During the past two decades, as the Internet flourished and transformed our society, several major corporations have assumed dominant “gatekeeper” positions, threatening net neutrality. Among them, the large Internet service providers, or ISPs: AT&T, Verizon, Time Warner and Comcast. These four phone and cable companies make massive, multi-billion-dollar profits while charging enormous fees and providing, at best, lackluster service.
In 2004, the Federal Communications Commission, under its then-chairman, Michael Powell, the son of Secretary of State, Gen. Colin Powell, set forth principles for an “open Internet.” In practice, these favored those very corporations that profit from a regulatory “light touch.” Powell left office and became the head of the cable industry’s lobbying organization, the National Cable and Telecommunications Association (NCTA), demonstrating clearly the corrupt revolving door between federal regulators and the industries they are supposed to oversee.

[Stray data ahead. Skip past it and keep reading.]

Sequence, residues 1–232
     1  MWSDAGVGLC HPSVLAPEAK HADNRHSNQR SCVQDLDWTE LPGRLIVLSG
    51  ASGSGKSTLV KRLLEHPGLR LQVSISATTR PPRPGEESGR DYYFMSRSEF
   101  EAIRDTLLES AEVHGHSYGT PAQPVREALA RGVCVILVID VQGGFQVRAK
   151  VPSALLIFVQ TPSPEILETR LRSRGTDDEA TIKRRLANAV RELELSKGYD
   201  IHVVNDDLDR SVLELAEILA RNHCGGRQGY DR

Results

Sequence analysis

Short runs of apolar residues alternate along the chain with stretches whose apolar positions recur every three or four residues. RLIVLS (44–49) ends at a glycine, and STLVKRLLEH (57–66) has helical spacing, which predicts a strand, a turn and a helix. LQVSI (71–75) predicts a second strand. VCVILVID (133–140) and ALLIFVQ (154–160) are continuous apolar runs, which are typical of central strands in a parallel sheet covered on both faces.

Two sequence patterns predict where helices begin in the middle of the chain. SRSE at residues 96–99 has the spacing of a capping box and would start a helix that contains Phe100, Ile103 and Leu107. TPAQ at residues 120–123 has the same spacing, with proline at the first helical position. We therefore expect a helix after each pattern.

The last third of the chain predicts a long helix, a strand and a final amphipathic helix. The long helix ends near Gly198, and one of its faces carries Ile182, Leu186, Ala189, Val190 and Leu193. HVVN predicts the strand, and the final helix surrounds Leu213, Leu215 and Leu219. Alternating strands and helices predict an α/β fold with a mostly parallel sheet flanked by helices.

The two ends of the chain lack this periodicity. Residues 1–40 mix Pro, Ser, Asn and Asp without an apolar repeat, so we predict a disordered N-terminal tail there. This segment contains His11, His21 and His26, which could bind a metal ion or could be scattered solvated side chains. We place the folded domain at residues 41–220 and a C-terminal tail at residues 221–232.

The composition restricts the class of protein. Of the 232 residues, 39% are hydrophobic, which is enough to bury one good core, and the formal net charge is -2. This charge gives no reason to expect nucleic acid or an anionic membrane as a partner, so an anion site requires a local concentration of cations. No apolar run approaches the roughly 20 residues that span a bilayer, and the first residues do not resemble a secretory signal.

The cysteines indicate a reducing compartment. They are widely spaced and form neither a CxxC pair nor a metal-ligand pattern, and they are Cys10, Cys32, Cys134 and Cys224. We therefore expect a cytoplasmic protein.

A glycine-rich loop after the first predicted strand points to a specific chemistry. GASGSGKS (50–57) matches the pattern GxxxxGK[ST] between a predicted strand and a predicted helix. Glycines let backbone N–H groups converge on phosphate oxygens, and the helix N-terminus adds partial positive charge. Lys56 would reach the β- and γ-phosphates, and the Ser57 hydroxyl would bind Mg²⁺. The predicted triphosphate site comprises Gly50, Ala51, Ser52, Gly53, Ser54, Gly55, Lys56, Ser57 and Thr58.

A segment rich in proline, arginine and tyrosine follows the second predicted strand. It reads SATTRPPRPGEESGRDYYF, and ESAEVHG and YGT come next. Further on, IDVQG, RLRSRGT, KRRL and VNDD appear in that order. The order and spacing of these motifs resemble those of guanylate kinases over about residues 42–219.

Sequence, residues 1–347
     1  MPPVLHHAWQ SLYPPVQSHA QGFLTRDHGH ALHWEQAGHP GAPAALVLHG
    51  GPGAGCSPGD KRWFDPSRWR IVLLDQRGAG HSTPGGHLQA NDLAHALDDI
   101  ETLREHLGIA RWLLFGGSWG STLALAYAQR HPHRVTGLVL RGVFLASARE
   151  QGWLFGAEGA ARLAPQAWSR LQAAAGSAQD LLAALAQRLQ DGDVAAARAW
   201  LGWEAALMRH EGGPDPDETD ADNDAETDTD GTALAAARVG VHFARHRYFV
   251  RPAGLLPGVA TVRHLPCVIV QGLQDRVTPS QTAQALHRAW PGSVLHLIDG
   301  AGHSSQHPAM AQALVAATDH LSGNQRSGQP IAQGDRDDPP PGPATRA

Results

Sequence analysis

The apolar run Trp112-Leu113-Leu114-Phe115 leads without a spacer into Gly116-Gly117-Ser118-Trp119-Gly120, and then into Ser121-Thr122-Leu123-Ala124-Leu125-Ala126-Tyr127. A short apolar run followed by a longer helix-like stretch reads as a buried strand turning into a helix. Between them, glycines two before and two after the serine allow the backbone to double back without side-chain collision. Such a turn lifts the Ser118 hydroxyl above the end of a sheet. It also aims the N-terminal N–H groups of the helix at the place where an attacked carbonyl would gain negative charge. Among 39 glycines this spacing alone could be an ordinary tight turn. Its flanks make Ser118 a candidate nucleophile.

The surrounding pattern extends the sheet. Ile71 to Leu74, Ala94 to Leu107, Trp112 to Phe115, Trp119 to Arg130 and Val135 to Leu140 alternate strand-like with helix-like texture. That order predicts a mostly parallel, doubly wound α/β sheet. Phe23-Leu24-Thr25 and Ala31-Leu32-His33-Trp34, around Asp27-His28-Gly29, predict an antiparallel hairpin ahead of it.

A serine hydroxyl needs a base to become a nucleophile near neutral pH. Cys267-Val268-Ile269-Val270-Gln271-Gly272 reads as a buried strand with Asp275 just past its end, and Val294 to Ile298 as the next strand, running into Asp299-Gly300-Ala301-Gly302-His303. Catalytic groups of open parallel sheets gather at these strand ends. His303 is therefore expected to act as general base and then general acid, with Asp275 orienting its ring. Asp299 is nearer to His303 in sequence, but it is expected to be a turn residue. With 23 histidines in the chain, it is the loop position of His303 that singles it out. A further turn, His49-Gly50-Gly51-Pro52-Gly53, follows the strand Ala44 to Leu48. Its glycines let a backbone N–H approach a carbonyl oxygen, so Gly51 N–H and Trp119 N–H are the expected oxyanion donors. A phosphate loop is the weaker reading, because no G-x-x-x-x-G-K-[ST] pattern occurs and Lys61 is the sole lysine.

Nearly 10 years later, President Barack Obama named Tom Wheeler, the former head of the NCTA, to lead the FCC. Wheeler was a major donor to Obama’s presidential campaigns. After a federal court struck down the “open Internet” rules, Wheeler announced that the FCC would be making new ones. Advocates for a free and open Internet were worried that this former lobbyist would end the Internet as we know it, handing the keys over to the major telecom and cable corporations.
This announcement sparked a massive protest movement. Led by organizations like Free Press and Public Knowledge, people camped out in front of the FCC for days. More than 4 million people commented on the rules, making this the largest response to any federal request for public comment in history.